THE DOCTRINE OF PROPITIATION

(Lesson 17 on Bible Doctrines) 



"Whom God hath sent forth to be a propitiation through faith in His blood, to declare His righteousness for the remission of sins that are past, through the forbearance of God" (Rom.3:25).

"Herein is love, not that we loved God, but that He loved us, and sent His Son to be the propitiation for our sins" (I John 4:10).

Definition: The word propitiation means mercy-seat or covering. The mercy-seat covering the ark of the covenant was called a propitiation (Ex.25:22; cf. Heb.9:5). The mercy-seat was sprinkled with the sacrificial blood on the day of atonement (Lev.16:14) Ė this pointed to Christís atoning death on the cross. Christ, therefore, is the propitiation for sin (cf. Heb.2:17).

"In fulfillment of the type, Christ is Himself the hilasmos, `that which propitiates,í and the hilasterion, `the place of propitiationí Ė the mercy-seat sprinkled with His own blood Ė the token that in our stead He so honored the law by enduring its righteous sentence" (Scofield Study Bible, p. 1195).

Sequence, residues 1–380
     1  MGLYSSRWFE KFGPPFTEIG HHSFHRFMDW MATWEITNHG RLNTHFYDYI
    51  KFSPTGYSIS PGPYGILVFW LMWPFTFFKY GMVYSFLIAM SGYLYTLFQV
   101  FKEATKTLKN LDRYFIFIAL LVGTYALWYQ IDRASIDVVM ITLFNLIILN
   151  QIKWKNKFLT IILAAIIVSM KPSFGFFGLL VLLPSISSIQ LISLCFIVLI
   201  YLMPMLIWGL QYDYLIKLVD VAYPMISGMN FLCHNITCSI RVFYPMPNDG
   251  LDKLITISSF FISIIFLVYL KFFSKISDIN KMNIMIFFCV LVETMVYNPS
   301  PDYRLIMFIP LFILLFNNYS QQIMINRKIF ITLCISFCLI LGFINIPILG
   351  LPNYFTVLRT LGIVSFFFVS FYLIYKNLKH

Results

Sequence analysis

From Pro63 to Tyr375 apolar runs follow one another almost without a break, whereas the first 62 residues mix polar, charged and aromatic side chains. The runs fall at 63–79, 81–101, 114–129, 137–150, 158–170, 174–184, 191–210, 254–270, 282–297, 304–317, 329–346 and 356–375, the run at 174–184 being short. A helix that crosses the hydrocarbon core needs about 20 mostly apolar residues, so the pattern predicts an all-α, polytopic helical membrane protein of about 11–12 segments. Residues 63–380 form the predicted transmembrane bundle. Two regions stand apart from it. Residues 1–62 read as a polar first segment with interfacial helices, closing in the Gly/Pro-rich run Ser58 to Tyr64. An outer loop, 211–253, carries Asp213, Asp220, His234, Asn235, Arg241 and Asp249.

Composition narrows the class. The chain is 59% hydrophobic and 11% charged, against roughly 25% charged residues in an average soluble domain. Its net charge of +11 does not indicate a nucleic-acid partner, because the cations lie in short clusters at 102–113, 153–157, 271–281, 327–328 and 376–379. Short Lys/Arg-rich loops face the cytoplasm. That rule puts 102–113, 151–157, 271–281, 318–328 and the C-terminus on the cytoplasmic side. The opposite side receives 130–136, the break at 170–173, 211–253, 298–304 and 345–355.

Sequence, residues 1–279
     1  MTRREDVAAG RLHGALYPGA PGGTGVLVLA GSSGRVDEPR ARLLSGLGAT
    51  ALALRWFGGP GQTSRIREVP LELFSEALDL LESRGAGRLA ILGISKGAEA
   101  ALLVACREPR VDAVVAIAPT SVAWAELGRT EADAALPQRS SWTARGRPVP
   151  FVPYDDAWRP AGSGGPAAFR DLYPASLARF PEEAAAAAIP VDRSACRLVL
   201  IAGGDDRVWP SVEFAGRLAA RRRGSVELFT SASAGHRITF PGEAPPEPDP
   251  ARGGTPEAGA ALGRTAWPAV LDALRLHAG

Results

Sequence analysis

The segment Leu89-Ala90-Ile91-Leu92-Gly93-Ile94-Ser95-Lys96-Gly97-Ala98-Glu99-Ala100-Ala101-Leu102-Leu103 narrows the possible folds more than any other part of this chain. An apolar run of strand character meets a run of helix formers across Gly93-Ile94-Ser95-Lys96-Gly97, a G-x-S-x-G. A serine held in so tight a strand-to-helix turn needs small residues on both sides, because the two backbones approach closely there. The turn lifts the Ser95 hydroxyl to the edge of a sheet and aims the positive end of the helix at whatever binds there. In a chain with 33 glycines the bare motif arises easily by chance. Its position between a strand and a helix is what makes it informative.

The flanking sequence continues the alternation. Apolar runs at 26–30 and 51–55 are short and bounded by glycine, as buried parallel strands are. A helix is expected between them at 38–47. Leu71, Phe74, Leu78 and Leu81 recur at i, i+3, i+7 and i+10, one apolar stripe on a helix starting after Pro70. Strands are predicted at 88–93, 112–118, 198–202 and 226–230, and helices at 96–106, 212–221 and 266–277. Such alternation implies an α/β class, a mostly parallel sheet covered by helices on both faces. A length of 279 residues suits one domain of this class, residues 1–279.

1. PROPITIATION MEANS THE TURNING AWAY OF GODíS WRATH BY AN OFFERING
    1. To appease the wrath of God was not a matter of vengeance but of justice, and it required the sacrificial death of the Son of God (cf. Isa.53:10a).
    2. There is a distinction between propitiation and expiation. "Expiation is the removal of impersonal wrath, sin, or guilt. Expiation has to do with reparation for a wrong; propitiation carries the added idea of appeasing an offended person and thus brings into the picture the question of why the offended person was offended. In other words, propitiation brings the wrath of God into the picture while expiation can leave it out" (Charles Ryrie, Basic Theology).
  1. PROPITIATION ALLOWS GOD TO PARDON GUILTY, HELL-DESERVING SINNERS
    1. Christís substitutionary death on the cross is set forth in the Bible as the ground on which a righteous God can pardon guilty sinners without in any way compromising His righteousness.
    2. The publicanís prayer was literally, "God be propitious to me, the sinner" (Luke 18:13). By His vicarious death on the cross, Christ appeased Godís holy wrath against sin.

Pastor James Barker
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